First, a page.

Top critical review
Haunting, but not gripping.
on 10 June 2013
"The witch burned ..." opens the prologue, drawing the reader in, and ending enticingly: "The fire opal flashed like the eye of a phoenix."
Meanwhile, it's 1860, and in the Dickensian streets of London, Clara Wintermute is spellbound by the work of some puppeteers she watches in the park. The fantoccini trio, Grisini the boss, Parsefall and Lizzie Rose his two ragged child assistants, are invited to perform in Clara Wintermute's house for her 12th birthday, but soon after Clara disappears. It will be up to Parsefall and Lizzie Rose to discover her whereabouts, and pit their wits against evil and magic in order to free her.
The first half of the novel takes us deep into the worlds of Parsefall and Lizzie Rose; we learn about their lives gradually through their dreams, and confessions to each other: and will learn that death and violence has overshadowed their childhood. Clara may be rich, but death has similarly stalked her family's life. Grisini is sinister as a figure with power over the children in his care, but even he is held in terrible thrall by the witch, Cassandra, and her fire opal.
Fire Spell is an unexpected fantasy, in that the magical elements are few and far between, and when they do occur are of a macabre nature. "Good" magic, if it exists here, comes from the children; otherwise, it is an agent for pain, bloodshed and control. The atmosphere of the novel is gloomy, and grimy, perfectly in sync with the era in which it is set: the "gothic twist" comparison with Tim Burton certainly rings true.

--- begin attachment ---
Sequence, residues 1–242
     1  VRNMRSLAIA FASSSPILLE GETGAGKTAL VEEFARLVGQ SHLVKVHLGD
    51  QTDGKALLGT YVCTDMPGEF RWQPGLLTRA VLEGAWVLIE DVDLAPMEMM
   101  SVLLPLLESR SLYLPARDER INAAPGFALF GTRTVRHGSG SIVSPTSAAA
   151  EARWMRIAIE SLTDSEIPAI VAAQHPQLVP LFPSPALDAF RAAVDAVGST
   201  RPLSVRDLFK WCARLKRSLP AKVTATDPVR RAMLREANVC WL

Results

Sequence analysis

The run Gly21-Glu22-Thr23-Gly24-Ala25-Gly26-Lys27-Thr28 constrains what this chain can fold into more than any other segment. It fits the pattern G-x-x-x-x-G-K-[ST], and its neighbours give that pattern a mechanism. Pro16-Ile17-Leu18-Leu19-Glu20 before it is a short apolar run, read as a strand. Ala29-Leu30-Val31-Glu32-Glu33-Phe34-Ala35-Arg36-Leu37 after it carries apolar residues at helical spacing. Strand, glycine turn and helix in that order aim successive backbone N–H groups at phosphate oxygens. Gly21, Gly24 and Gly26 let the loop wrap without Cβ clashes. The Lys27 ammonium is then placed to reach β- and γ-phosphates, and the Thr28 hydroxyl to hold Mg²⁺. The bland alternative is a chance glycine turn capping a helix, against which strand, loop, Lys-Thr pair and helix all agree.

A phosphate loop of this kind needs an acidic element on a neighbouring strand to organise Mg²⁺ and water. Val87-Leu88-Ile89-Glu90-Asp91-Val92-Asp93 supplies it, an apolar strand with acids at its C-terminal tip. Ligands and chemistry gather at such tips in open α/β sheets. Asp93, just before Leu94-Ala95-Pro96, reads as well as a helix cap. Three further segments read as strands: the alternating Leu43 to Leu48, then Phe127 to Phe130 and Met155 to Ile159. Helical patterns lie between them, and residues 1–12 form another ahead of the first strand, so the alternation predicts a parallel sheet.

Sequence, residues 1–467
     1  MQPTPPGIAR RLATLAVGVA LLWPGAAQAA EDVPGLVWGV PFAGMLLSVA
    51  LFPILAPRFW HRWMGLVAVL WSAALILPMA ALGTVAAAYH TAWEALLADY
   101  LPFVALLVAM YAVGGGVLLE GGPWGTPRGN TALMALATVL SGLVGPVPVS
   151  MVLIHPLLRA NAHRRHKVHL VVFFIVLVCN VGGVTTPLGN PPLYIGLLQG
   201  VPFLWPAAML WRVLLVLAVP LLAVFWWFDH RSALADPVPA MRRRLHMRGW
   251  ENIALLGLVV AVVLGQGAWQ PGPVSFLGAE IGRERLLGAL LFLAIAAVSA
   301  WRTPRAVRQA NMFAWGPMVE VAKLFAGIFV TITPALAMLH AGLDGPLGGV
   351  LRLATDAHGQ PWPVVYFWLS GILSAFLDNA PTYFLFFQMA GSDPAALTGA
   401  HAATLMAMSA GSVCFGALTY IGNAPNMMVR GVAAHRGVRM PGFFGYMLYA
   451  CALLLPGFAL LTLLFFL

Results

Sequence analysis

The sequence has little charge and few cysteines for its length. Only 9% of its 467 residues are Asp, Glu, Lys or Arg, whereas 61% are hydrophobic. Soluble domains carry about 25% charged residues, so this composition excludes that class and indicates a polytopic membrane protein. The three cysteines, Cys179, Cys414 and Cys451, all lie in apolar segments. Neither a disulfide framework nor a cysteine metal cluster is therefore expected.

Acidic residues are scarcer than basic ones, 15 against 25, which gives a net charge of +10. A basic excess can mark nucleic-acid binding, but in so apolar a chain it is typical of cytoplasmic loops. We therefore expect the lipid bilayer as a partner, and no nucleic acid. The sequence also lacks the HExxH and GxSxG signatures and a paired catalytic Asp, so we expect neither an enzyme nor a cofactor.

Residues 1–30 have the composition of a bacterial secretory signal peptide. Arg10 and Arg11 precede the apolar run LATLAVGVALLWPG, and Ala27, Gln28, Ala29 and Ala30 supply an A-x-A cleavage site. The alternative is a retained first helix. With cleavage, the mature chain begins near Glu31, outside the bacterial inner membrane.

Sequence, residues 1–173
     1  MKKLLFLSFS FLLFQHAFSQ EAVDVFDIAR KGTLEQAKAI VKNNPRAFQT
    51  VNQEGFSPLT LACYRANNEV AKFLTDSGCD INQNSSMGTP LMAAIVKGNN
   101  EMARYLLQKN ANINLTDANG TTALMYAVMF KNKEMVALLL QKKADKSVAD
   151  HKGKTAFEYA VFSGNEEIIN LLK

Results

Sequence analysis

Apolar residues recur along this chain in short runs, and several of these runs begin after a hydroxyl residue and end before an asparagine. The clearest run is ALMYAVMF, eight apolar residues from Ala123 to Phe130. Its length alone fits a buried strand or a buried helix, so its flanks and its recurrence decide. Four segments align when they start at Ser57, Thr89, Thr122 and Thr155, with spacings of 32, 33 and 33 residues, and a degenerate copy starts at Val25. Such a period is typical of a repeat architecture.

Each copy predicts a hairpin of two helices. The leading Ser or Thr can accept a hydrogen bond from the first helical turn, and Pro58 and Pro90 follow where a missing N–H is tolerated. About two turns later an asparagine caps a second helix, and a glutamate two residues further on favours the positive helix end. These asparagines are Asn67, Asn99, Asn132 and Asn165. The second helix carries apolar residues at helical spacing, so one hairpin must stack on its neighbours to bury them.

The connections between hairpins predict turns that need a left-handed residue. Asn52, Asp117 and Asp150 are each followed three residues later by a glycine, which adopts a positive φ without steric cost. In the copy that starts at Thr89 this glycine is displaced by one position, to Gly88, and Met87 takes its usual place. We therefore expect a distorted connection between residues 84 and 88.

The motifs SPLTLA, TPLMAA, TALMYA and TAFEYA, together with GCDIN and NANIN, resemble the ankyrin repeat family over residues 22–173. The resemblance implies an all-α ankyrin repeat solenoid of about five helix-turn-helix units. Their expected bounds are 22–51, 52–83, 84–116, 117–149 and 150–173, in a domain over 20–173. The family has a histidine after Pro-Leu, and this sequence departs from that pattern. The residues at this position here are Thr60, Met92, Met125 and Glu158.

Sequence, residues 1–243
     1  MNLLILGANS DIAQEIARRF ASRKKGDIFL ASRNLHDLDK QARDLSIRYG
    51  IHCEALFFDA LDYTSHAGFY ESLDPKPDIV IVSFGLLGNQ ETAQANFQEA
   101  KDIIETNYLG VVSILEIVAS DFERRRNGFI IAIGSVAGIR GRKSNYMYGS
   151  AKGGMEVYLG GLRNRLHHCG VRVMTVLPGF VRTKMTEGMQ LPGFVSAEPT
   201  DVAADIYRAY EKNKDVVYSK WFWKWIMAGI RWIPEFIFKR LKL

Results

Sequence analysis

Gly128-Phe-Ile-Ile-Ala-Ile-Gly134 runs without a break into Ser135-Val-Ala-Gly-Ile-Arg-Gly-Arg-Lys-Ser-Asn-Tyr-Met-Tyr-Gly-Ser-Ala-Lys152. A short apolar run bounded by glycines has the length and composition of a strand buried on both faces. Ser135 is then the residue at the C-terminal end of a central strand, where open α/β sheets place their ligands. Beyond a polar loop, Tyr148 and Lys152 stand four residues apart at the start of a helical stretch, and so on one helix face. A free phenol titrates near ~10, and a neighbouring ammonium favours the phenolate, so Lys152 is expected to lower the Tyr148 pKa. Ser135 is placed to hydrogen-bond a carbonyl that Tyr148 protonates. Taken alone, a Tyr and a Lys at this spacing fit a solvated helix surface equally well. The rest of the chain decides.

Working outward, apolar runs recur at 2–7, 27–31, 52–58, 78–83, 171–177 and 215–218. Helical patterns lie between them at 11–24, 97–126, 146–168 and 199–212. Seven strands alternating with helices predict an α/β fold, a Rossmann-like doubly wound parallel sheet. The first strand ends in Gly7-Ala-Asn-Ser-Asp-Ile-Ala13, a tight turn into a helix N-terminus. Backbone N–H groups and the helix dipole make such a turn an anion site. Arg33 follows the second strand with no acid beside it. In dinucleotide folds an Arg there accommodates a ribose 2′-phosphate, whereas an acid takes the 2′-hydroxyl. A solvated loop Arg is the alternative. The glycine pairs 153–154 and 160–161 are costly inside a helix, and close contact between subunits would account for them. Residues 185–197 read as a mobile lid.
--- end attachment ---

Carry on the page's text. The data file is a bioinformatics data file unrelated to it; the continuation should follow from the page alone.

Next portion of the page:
Yet, I found the story for the first half at least, to be overly detailed and slow. I was impatient for something to happen. Once the two children made their way to Strachan's Ghyll, the domain of the witch, things became more interesting, although even then the novel was in no hurry to disclose its secrets. The oddness and complexity of the story should be more than enough to hold a reader's attention, and I don't really know why I found it such a chore to finish.
Schlitz is a good writer, able to create depth and subtlety with her prose; she also does something different with her fantasy, being daring enough to fill it with darkness, and creating light from the awkward relationship that develops between the 3 children. Hopefully the young readers this book is aimed at will connect with the characters, live with them through the story, and not experience any of the issues that I did. This is one of those novels I wish I'd liked more and is probably better than my rating suggests.